A new study adds to mounting evidence that following a Western-style diet dramatically increases the risk of developing colorectal cancer.

It’s well-known that our diets play an essential role in our health since the type of food we eat impacts our gut microbiota.

There’s growing evidence that a traditional Western diet leads to poor nutrition and a higher risk of developing health conditions, including obesity, diabetes and colorectal cancer.

This new evidence came from a recent study by researchers from the Brigham and Women’s Hospital. Published in Gastroenterology, the study looked at data from more than 134,000 participants from two nationwide prospective cohort studies.

Looking for bacterial strains that carry a distinct genetic island known as polyketide synthase (pks), the team found that the Western diet is associated with colorectal tumors containing high amounts of pks+ E. coli. Pks encodes an enzyme that causes mutations in cells.

“These findings support our hypothesis that Western-style diets increase colorectal cancer risk through its effect on pks+ E. coli,” said corresponding author Shuji Ogino, MD, PhD, MS, of the Program in Molecular Pathological Epidemiology in the Department of Pathology at Brigham.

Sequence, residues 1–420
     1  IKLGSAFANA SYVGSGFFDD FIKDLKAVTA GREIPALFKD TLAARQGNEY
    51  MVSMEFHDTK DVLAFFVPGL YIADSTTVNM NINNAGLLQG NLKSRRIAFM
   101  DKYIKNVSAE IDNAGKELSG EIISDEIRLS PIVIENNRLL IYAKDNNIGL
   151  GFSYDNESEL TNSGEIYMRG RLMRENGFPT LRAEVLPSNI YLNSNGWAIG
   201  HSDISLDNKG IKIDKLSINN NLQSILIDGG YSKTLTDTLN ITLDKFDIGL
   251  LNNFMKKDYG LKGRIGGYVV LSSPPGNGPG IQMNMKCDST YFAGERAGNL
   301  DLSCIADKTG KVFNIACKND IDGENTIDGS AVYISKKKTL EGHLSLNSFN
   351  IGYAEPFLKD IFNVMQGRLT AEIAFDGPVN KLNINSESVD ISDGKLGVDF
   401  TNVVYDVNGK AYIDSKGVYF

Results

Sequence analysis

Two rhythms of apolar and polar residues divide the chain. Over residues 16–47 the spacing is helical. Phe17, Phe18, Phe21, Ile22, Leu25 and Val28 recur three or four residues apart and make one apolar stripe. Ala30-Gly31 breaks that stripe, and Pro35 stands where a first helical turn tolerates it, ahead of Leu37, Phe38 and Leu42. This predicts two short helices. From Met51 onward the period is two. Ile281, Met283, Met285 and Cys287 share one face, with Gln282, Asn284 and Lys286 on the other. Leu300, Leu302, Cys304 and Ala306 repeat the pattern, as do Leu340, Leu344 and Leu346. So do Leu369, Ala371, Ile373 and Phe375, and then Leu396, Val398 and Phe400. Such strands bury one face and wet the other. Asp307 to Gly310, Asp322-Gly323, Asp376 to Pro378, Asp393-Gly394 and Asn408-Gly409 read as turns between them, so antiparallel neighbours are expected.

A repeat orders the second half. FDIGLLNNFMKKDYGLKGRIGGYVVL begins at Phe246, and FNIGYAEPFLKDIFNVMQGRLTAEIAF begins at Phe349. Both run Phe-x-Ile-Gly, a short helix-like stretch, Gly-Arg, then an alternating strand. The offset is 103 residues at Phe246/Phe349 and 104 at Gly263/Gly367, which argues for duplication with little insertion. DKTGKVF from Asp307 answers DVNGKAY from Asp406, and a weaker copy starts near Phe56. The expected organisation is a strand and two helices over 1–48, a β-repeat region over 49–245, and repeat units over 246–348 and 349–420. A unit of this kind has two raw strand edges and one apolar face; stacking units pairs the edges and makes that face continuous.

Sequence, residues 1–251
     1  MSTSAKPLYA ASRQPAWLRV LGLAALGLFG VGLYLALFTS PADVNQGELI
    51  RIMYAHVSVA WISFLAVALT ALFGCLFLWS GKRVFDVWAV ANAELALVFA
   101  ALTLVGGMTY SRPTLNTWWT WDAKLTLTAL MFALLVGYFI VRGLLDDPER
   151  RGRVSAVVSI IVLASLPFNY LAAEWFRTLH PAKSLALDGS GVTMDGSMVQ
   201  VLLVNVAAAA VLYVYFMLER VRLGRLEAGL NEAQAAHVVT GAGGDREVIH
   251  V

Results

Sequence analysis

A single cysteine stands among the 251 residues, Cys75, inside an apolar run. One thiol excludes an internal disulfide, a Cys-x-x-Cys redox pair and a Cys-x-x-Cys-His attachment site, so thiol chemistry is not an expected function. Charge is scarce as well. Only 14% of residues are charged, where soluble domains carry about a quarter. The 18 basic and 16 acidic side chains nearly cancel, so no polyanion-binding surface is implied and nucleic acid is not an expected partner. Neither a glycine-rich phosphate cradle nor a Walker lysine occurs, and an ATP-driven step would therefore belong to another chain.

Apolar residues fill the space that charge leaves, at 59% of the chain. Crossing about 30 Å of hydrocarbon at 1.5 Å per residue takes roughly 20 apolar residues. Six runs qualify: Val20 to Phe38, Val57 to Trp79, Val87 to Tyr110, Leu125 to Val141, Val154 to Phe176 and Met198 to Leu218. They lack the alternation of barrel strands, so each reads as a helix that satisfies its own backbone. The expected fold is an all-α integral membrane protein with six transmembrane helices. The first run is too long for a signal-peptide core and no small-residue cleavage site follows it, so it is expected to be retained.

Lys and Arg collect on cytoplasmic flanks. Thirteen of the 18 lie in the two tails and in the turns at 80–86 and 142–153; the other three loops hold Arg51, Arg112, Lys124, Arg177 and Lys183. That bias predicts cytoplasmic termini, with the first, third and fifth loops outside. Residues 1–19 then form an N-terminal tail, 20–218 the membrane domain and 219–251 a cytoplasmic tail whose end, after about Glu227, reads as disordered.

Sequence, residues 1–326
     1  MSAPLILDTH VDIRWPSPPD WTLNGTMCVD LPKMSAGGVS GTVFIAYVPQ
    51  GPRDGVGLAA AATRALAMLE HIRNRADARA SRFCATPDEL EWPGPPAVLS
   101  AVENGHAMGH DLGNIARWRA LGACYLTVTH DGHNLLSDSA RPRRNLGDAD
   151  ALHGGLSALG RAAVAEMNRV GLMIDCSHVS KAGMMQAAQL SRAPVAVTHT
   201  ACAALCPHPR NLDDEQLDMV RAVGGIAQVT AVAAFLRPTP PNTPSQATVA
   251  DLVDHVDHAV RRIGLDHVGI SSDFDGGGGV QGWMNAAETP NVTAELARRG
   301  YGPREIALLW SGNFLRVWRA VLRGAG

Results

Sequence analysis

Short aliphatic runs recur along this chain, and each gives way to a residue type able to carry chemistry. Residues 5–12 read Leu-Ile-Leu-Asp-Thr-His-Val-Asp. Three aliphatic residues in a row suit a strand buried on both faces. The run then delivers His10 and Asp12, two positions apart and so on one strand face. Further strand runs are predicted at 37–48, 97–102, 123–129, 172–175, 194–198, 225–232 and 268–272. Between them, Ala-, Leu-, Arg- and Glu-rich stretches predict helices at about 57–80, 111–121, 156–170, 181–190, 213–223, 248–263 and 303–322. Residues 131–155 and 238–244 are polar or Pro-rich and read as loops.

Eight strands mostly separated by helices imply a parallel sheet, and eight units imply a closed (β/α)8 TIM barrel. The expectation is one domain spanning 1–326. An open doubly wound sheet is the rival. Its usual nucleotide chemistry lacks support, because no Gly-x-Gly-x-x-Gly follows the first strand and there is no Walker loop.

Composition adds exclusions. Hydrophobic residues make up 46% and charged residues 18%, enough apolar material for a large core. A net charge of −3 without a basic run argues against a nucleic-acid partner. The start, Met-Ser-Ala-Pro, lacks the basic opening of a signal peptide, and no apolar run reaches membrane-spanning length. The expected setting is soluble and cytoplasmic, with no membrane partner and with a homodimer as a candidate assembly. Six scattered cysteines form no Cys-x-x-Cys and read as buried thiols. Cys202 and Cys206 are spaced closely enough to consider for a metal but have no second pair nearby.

“This is the first study to link the Western diet with specific pathogenic bacteria in cancer. Our next question is which component of western-style diet and lifestyle relates to colorectal cancer containing this bacterial species,” he added.

Past observational studies, meta-analyses and systematic reviews linked the Western diet with colon cancer. However, this study is the first of its kind.

Colorectal cancer, otherwise known as colon cancer, is a health condition that causes the cells in the colon or rectum to grow uncontrollably. This leads to symptoms like a change in bowel habits, increased constipation, or bouts of diarrhea.

It’s the third most common cancer diagnosed in patients in the U.S. and is the second most common cause of cancer deaths for both men and women, per the American Cancer Society.

Unfortunately, the exact cause of colon cancer is still largely unknown. But certain factors like smoking, excessive alcohol, and diets have been linked to the disease.